Four women have filed a federal sex discrimination lawsuit against the University of Connecticut accusing the school of mishandling sexual violence on campus.
The lawsuit, announced on Friday, is in addition to two federal complaints filed by seven current and former UConn students, including the four women. The complaints cite disparaging comments made against the victims by UConn police, and the school's failure to punish sexual assault perpetrators and protect survivors of rape and harassment. They ask the U.S. Department of Education to investigate whether UConn violated gender equity law Title IX, and the Clery Act, a campus safety statute.
The plaintiffs in the lawsuit, current students Carolyn Luby, Rose Richi and Erica Daniels, and UConn graduate Kylie Angell, are represented by high-profile attorney Gloria Allred and co-counsel Nina Pirrotti. Richi, Daniels and Angell all claim the university failed to properly adjudicate sexual assaults they experienced at UConn. Luby accuses the school of refusing to protect her from harassment, and death and rape threats, which dissuaded her from reporting her sexual assault.
The lawsuit seeks compensation for emotional distress, and for attorney fees and costs.
Allred announced the lawsuit Friday at a press conference outside the U.S. District Court in Hartford, Conn., where she strongly criticized UConn President Susan Herbst's response in October to the two federal complaints. Herbst questioned the students' motives for the complaints in her comments to university trustees, and said the suggestion that the university would be dismissive of reports of sexual assault was "astonishingly misguided and demonstrably untrue."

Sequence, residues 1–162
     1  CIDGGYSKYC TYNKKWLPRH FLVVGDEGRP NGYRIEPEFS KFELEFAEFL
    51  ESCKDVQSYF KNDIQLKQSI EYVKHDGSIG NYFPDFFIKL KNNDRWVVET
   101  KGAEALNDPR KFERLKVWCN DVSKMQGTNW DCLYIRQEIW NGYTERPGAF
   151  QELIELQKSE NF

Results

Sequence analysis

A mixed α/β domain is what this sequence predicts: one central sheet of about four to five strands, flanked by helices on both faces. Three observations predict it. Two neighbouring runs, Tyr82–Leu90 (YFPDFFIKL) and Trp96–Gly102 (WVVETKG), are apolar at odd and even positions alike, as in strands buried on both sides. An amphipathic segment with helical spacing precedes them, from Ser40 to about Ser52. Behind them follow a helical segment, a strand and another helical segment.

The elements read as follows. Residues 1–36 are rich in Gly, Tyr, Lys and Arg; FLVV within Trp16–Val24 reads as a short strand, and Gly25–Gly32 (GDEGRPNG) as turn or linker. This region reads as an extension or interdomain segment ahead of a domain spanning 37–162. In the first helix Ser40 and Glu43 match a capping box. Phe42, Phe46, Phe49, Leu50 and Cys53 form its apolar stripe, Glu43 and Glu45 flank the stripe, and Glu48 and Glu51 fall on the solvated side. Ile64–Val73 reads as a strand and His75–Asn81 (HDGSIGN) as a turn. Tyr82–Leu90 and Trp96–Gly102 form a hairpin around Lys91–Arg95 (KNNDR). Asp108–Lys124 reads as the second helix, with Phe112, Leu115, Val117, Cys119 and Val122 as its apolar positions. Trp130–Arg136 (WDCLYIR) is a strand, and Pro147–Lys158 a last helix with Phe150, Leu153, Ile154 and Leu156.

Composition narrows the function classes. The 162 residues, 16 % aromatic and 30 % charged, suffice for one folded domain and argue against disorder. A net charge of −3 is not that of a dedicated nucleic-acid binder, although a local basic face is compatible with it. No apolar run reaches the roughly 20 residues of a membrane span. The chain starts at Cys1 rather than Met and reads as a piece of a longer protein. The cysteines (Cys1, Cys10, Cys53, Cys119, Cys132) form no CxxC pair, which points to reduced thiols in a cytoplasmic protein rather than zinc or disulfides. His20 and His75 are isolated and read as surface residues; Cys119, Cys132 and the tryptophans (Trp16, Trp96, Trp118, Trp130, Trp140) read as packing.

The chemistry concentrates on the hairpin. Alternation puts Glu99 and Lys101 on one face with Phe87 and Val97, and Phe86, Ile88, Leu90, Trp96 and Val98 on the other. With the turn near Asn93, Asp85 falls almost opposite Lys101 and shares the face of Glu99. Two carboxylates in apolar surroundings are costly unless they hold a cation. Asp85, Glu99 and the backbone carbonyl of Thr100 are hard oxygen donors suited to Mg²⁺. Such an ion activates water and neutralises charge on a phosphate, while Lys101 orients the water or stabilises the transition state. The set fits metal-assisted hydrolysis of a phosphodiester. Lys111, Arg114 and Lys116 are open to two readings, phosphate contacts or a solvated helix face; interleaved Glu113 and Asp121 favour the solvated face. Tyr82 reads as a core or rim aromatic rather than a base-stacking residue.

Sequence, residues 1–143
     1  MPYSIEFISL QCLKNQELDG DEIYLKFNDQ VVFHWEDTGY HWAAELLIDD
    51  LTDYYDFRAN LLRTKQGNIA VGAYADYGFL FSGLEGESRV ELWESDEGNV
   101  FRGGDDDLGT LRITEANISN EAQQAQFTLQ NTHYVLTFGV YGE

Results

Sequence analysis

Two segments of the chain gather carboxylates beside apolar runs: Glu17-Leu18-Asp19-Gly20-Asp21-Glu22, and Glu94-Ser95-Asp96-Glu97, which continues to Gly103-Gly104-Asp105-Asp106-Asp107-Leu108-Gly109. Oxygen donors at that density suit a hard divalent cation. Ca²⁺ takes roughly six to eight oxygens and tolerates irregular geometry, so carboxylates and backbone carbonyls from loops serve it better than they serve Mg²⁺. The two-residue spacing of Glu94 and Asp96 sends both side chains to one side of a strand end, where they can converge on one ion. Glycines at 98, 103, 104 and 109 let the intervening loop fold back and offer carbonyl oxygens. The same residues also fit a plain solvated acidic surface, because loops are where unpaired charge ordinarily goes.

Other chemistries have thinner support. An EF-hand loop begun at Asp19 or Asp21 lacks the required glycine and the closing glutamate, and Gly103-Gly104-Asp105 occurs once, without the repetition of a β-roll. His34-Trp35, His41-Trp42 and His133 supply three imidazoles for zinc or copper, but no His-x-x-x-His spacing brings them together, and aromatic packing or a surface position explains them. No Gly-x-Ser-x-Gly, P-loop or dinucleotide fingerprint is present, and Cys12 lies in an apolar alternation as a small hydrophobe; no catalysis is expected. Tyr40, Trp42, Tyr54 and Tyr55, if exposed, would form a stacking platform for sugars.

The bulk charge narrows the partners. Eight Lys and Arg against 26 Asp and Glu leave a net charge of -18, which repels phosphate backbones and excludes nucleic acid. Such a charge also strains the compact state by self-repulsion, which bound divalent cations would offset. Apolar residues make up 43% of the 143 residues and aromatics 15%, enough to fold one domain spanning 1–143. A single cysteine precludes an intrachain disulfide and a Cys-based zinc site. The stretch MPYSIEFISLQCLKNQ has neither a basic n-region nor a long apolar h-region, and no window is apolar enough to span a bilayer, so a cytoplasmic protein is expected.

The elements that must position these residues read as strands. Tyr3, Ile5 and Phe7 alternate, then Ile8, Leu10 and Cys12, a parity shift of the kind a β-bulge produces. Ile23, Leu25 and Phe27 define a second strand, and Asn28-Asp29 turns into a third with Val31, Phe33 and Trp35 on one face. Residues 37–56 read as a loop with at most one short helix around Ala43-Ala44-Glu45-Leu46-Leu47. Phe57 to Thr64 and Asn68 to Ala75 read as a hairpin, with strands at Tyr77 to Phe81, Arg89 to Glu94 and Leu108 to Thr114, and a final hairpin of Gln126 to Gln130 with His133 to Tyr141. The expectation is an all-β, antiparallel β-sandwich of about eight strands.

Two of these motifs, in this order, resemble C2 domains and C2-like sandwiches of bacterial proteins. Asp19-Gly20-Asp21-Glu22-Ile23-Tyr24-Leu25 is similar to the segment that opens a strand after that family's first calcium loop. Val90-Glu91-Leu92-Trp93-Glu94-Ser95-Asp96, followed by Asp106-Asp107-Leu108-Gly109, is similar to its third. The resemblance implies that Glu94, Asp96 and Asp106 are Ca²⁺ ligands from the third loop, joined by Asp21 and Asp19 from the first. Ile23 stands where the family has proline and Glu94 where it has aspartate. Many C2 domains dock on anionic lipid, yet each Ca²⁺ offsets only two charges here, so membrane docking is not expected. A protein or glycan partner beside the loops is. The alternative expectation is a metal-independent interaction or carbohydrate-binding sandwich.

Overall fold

"President Herbst apparently believes that all is well at UConn; she appears not to understand or care about the serious problems at the university," Allred said.
At the press conference, Angell said Herbst's comments were "demeaning." Daniels said she was "shocked."
"Our only motive is to get change, something she made clear is unnecessary," Richi said. "It was the most disappointing, invalidating and unreasonable response I've heard yet."
Richi said when she reported in April 2013 that she was sexually assaulted as a freshman in 2011, campus police declined to investigate citing lack of information.
Daniels said the university police dropped a case against her accused assailant in the fall of 2013, despite a confession her sister obtained from him. She also said the UConn police determined there wasn't enough information, but did not interview multiple people she suggested who had knowledge of the situation.
"I regretted ever reporting it," Daniels told The Huffington Post just prior to filing the Title IX complaint.
UConn spokeswoman Stephanie Reitz said the university is limited by federal privacy laws in what it can say about specific matters, but will respond "accordingly as part of the legal process."
"The university does all in its power to appropriately investigate and handle such claims in a manner that is fully compliant with the law and grounded in both sensitivity and fairness," Reitz said. "We will carefully assess the allegations contained in the federal lawsuit filed today."
Reitz also said that Herbst was referring to the "broad charge that UConn as an institution is 'deliberately indifferent'" as "misguided" and "untrue."
Members of the Connecticut Legislature are planning hearings about UConn's handling of sexual assaults and harassment on campus -- something in which Allred said her clients would participate. A date has not yet been confirmed.
Allred is also representing women at Occidental College and the University of Southern California in Los Angeles, who filed similar complaints. Occidental settled a lawsuit with a group of women represented by Allred for an undisclosed sum in September.